The movie starts on the battlefield where Robin Longstride (Russell Crowe) is an archer in King Richard the Lionheart’s army. Following a successful day of battle, Robin unwinds with his compatriots Will Scarlet (Scott Grimes), Allan A’Dayle (Alan Doyle) and Little John (Kevin Durand) but they manage to land in the stocks and are forced to sit out the next day’s battle. A battle where the King catches an arrow in the throat with his last request to return his crown to England. Robin and his men are freed from the stocks by a young boy to return home. All the while, the King Phillip of France plans to conquer England by enlisting the help of Sir Godfrey (Mark Strong). Godfrey, a traitorous Englishman with a French connection ambushes the Royal Guard. Robin and his men happen upon the ambush as it occurs and fight back, killing many while Godfrey escapes. Robin goes to Sir Robert Loxley whose last wish is for his sword to be returned to his father. The film then follows Robin as he returns to Loxley’s home of Nottingham with the impending French attack looking over England’s shoulder.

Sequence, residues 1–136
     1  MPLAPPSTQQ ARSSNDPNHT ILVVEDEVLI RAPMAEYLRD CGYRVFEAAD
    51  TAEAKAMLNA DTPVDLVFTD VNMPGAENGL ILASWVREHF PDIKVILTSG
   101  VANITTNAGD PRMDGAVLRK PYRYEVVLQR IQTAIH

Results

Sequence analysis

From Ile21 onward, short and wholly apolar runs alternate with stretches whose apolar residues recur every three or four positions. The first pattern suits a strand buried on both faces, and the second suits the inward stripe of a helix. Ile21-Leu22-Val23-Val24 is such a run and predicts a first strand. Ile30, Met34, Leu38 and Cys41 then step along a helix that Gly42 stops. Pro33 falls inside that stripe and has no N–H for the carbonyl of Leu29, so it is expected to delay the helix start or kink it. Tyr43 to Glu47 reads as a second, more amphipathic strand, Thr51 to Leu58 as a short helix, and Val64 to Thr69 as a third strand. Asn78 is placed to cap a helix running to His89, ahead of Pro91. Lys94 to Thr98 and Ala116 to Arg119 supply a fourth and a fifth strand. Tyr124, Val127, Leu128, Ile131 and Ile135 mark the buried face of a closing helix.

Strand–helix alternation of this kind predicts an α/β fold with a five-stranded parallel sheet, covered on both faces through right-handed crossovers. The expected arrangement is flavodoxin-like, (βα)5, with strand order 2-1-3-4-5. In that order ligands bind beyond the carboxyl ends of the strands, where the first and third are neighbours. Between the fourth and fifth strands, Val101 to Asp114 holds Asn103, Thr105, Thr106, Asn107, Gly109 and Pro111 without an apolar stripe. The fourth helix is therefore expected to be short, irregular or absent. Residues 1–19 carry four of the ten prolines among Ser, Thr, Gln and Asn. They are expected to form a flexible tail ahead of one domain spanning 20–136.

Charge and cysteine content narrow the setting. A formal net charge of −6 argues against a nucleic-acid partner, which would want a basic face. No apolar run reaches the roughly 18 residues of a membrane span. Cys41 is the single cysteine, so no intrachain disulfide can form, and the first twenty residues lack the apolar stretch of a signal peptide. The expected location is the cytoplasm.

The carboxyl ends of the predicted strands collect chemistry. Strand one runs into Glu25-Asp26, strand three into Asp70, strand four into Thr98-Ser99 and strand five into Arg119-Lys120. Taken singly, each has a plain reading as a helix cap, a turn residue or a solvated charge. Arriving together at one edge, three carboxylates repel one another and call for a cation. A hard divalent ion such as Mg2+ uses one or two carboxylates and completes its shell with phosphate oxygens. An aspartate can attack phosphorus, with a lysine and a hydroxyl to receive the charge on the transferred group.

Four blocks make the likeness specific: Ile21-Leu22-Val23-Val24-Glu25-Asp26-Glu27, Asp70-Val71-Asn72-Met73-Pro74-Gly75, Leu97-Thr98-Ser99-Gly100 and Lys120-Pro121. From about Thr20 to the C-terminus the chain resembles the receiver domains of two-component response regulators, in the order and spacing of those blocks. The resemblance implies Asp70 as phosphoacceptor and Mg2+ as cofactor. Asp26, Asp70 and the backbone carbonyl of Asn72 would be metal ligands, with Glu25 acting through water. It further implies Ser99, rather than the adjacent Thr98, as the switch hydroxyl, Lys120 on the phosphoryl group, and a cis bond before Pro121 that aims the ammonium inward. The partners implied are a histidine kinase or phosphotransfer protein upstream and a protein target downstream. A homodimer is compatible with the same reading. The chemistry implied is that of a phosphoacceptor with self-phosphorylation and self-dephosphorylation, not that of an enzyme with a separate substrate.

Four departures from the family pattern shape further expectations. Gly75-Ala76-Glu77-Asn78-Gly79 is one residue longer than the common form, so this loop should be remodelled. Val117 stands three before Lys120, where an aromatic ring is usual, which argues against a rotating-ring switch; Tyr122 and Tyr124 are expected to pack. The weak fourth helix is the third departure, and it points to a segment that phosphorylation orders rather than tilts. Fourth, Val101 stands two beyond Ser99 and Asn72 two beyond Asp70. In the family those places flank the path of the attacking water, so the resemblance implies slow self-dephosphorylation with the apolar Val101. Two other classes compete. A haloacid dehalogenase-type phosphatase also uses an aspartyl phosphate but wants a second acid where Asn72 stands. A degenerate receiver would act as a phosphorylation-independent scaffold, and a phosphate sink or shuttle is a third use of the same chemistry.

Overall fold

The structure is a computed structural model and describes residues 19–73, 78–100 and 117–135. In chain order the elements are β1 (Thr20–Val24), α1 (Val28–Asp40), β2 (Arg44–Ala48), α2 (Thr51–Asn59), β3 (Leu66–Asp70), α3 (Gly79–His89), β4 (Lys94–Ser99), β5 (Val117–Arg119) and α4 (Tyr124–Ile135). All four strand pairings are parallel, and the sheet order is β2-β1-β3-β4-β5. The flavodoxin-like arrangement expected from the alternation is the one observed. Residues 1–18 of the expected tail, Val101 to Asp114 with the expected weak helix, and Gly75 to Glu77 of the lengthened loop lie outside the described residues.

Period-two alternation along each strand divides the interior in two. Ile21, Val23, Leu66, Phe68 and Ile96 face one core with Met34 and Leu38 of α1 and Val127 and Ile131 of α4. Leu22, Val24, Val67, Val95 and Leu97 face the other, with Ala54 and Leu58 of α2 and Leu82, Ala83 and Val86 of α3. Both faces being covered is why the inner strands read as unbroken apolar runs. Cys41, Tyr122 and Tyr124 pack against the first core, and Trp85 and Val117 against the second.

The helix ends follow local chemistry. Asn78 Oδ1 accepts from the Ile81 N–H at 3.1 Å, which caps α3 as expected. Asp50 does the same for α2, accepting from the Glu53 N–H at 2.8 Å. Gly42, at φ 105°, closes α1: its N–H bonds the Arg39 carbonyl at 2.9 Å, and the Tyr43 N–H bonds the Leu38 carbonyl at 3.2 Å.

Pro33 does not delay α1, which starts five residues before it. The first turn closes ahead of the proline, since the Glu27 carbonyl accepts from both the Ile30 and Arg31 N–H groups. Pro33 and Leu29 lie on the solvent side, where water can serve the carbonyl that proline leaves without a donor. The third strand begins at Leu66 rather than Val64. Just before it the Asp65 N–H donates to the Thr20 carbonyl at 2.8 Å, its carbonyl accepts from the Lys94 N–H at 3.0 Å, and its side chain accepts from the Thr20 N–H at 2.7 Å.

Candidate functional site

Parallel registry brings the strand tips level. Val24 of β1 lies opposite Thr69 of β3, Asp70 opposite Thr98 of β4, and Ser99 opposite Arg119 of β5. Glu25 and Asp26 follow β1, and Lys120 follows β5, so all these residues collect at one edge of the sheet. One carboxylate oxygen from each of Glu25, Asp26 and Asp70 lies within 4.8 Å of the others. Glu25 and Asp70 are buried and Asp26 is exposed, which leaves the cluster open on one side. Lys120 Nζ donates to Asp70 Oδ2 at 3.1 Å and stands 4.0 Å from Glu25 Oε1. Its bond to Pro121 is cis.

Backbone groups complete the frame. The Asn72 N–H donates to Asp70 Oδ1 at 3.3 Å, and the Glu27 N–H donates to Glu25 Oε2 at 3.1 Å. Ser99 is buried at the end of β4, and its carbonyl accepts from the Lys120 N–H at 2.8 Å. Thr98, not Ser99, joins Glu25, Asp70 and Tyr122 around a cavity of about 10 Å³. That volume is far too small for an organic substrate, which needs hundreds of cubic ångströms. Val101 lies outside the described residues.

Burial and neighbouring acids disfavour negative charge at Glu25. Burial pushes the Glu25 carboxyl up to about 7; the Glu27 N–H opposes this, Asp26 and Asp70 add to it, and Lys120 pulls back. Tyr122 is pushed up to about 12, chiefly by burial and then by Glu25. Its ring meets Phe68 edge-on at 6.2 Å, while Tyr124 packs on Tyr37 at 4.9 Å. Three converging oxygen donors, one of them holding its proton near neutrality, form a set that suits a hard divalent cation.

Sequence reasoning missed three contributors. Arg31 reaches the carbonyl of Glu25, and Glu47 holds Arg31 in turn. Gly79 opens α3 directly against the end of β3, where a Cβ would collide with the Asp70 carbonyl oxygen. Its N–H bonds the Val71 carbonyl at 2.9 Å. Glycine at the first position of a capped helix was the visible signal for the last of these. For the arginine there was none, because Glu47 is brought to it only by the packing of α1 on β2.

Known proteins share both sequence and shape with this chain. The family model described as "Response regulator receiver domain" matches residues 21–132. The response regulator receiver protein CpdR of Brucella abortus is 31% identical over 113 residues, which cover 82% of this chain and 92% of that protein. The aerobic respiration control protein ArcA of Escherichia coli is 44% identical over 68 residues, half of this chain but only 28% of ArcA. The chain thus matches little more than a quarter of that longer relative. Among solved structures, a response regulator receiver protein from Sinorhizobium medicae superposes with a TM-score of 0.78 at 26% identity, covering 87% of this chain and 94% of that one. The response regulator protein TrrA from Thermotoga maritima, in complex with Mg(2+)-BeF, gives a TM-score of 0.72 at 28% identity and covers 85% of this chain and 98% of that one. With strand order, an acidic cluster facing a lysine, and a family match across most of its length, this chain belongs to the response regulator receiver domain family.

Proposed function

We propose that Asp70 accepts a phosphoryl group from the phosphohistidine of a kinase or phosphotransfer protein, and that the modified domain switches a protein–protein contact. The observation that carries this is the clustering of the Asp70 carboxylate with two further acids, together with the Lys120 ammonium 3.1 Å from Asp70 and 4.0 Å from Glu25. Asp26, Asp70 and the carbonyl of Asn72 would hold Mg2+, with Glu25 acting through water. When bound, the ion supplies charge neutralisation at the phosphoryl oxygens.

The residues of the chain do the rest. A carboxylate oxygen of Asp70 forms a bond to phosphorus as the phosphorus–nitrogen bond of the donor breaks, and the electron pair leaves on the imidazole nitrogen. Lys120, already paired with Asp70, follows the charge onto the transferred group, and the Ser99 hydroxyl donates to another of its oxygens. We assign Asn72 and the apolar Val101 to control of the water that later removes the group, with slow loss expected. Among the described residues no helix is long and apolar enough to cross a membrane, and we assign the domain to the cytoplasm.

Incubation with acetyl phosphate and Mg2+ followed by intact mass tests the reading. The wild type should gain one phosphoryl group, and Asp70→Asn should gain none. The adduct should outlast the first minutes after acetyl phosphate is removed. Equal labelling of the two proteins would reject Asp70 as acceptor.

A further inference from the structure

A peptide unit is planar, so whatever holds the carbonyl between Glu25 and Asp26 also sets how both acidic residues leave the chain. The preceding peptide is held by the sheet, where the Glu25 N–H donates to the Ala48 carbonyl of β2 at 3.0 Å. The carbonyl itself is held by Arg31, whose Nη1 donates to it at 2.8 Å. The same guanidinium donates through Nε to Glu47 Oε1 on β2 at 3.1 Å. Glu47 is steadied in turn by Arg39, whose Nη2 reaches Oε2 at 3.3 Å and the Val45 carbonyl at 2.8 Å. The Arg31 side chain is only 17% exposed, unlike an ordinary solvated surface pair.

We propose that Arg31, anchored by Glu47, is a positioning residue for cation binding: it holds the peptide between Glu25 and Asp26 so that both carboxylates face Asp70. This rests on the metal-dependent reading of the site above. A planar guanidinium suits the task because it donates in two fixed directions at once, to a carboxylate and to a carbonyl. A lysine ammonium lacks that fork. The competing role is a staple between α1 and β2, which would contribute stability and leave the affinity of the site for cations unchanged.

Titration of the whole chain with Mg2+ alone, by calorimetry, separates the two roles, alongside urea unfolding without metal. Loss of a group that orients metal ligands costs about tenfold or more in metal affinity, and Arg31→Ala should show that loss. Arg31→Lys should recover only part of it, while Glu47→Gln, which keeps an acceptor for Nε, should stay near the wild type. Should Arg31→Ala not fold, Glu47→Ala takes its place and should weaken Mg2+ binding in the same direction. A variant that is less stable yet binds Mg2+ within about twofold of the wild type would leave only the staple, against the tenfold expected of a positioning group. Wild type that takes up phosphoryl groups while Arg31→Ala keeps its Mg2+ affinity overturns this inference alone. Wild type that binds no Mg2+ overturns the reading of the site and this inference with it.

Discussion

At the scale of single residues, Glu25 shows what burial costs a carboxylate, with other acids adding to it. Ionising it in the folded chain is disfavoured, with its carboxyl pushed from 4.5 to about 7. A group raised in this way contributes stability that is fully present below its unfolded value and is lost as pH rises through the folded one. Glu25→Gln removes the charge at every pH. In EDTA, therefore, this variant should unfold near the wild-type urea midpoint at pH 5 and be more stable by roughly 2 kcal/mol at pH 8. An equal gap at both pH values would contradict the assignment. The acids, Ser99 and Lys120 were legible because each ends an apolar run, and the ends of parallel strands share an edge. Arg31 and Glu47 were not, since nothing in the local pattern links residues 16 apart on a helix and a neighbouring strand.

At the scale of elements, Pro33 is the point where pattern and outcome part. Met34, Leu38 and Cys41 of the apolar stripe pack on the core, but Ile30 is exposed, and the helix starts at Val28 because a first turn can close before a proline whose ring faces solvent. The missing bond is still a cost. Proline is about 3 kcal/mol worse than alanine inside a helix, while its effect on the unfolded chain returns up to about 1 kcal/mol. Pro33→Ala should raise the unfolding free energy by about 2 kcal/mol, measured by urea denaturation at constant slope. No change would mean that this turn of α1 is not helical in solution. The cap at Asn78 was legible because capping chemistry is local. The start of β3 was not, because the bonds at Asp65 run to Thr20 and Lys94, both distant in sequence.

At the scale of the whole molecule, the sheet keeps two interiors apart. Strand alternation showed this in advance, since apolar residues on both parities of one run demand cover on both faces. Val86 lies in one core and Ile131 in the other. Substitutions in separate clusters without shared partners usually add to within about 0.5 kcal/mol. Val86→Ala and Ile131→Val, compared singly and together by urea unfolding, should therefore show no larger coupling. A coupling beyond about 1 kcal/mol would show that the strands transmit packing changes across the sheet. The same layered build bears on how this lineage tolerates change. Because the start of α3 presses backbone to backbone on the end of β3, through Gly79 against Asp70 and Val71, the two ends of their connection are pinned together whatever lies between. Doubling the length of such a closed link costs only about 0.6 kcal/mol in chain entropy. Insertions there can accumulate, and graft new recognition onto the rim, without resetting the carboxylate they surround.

Robin then takes over the role of the dead Sir Robert Loxley in order to prevent land and other estates being turned over to the crown for lack of an heir. He also has the bonus of a ready-made wife Maid Marion—who needs some lessons on how to curtsy a lost art. As Robin begins with the charade he ends up filling the role of the real nobility quite well oozing Noblesse Oblige as the story progresses. Eventually there is a showdown between England and France and the mortal enemies made along the way. The movie also provides a bit of Girl Power in that Maid Marion dresses in full armor and fights in the last battle.

While a tired story, this film solidifies my perception of Ridley Scott as one of the premier period piece film makers of all time. Scott having already made Gladiator, Kingdom of Heaven and of course Blackhawk Down, he continues to show us his cinematic eye. Each shot has such an authenticity that the audience can nearly smell the grimy earthiness of old England. Then Scott stages action scenes amongst this terrain. This may not be your mom’s Robin Hood, but it is the most exciting.

Naturally the film suffers from a lackluster story and nearly non-existent character development but is not a waste. Shot in such a way that suggests a true understanding of the period, the film keeps your eyes interested.

Also it was good to see William Hurt on the silver screen again.

 
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Posted by on September 30, 2010 in Movie Reviews